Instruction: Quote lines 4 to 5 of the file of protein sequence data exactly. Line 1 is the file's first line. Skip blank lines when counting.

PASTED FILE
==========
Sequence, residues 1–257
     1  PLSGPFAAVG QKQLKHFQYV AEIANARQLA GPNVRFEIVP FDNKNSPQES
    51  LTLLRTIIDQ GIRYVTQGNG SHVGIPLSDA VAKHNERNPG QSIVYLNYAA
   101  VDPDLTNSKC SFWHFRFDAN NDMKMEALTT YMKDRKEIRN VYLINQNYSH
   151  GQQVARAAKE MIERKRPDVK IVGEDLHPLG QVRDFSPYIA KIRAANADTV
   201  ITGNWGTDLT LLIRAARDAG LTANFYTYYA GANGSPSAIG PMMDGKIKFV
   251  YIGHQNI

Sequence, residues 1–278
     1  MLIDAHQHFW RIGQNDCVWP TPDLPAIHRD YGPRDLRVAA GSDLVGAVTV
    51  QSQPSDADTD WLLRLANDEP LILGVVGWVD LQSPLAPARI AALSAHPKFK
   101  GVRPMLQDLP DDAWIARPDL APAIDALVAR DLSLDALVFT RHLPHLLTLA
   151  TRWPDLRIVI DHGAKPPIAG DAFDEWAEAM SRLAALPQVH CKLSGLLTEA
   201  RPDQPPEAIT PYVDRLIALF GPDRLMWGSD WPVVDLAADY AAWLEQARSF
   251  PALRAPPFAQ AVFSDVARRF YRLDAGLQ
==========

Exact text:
   101  VDPDLTNSKC SFWHFRFDAN NDMKMEALTT YMKDRKEIRN VYLINQNYSH
   151  GQQVARAAKE MIERKRPDVK IVGEDLHPLG QVRDFSPYIA KIRAANADTV